spacer
spacer

PDBsum entry 1jlw

Go to PDB code: 
protein Protein-protein interface(s) links
Transferase PDB id
1jlw
Jmol
Contents
Protein chains
217 a.a. *
Waters ×40
* Residue conservation analysis
PDB id:
1jlw
Name: Transferase
Title: Anopheles dirus species b glutathione s-transferases 1-4
Structure: Glutathione transferase gst1-4. Chain: a, b. Engineered: yes
Source: Anopheles cracens. Organism_taxid: 123217. Expressed in: escherichia coli. Expression_system_taxid: 562
Biol. unit: Dimer (from PQS)
Resolution:
2.45Å     R-factor:   0.223     R-free:   0.271
Authors: A.J.Oakley,T.Harnnoi,R.Udomsinprasert,K.Jirajaroenrat, A.J.Ketterman,M.C.Wilce
Key ref:
A.J.Oakley et al. (2001). The crystal structures of glutathione S-transferases isozymes 1-3 and 1-4 from Anopheles dirus species B. Protein Sci, 10, 2176-2185. PubMed id: 11604524 DOI: 10.1110/ps.ps.21201
Date:
16-Jul-01     Release date:   16-Jul-02    
PROCHECK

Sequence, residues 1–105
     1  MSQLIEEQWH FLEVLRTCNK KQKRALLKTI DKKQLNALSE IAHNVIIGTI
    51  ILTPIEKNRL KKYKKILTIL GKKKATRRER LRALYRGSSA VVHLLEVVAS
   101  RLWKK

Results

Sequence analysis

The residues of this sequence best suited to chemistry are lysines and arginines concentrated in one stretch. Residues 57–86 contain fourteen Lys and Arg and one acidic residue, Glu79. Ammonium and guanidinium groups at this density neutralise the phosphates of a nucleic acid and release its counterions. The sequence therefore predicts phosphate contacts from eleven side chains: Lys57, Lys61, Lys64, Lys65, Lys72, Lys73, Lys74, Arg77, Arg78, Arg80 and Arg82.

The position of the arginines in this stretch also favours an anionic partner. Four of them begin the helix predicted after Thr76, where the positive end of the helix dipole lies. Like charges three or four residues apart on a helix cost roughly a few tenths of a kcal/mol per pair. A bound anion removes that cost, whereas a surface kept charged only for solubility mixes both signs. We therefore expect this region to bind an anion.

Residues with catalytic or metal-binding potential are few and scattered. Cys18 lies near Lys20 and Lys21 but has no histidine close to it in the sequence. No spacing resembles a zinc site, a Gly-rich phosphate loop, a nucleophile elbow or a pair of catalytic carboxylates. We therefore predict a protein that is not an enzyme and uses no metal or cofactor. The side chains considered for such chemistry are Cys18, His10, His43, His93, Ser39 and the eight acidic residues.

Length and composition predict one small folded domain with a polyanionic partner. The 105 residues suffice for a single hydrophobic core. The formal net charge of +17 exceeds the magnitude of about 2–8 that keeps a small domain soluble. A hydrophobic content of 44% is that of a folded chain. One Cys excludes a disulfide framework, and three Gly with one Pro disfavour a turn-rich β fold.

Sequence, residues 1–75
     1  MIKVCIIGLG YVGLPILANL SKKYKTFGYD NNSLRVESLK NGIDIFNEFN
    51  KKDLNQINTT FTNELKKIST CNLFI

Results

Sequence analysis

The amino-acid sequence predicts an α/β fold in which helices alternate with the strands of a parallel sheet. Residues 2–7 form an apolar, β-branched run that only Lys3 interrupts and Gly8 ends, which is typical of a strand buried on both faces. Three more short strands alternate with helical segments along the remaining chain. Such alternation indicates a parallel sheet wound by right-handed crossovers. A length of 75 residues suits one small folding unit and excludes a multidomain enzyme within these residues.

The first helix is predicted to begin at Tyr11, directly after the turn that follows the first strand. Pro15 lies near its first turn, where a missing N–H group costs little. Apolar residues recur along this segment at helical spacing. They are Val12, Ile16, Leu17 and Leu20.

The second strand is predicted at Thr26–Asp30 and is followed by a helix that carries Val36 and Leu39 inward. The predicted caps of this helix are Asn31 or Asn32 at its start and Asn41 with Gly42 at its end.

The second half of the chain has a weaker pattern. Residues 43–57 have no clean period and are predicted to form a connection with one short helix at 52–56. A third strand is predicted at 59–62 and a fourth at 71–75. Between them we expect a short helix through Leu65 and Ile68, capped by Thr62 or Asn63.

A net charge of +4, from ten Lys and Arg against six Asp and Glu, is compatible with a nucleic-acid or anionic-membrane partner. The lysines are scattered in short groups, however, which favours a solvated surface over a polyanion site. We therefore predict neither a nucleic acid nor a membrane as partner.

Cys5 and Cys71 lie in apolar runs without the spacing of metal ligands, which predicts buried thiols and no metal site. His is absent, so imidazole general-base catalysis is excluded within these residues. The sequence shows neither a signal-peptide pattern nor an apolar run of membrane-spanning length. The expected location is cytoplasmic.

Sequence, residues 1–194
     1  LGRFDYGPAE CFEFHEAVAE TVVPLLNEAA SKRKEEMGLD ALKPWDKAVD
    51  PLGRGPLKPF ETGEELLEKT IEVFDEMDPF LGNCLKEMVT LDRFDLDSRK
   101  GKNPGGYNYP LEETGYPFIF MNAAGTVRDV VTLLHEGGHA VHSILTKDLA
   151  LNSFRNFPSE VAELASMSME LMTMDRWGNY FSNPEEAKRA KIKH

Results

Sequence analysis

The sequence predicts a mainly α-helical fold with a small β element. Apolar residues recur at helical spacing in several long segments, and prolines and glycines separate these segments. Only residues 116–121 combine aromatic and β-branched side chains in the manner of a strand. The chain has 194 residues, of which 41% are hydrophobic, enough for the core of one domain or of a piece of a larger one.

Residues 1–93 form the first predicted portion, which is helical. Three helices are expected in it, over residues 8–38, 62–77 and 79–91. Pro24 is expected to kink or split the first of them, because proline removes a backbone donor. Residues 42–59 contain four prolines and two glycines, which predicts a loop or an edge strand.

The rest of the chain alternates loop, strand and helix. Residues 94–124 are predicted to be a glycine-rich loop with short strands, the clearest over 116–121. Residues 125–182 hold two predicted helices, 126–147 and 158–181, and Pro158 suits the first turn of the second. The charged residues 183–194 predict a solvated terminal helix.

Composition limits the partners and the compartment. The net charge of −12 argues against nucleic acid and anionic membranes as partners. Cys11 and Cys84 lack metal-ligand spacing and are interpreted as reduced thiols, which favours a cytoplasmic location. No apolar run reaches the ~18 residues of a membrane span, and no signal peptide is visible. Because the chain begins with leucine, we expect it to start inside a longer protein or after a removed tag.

Go to PROCHECK summary
 Headers
 References

Protein chains
Pfam   ArchSchema ?
Q7KIF1  (Q7KIF1_9DIPT) -  Glutathione transferase
Seq:
Struc:
219 a.a.
217 a.a.
Key:    PfamA domain  Secondary structure  CATH domain

 Enzyme reactions 
   Enzyme class: E.C.2.5.1.18  - Glutathione transferase.
[IntEnz]   [ExPASy]   [KEGG]   [BRENDA]
      Reaction: RX + glutathione = HX + R-S-glutathione
RX
+ glutathione
= HX
+ R-S-glutathione
Molecule diagrams generated from .mol files obtained from the KEGG ftp site
 Gene Ontology (GO) functional annotation 
  GO annot!
  Biological process     metabolic process   1 term 
  Biochemical function     transferase activity     2 terms  

 

 
    reference    
 
 
DOI no: 10.1110/ps.ps.21201 Protein Sci 10:2176-2185 (2001)
PubMed id: 11604524  
 
 
The crystal structures of glutathione S-transferases isozymes 1-3 and 1-4 from Anopheles dirus species B.
A.J.Oakley, T.Harnnoi, R.Udomsinprasert, K.Jirajaroenrat, A.J.Ketterman, M.C.Wilce.
 
  ABSTRACT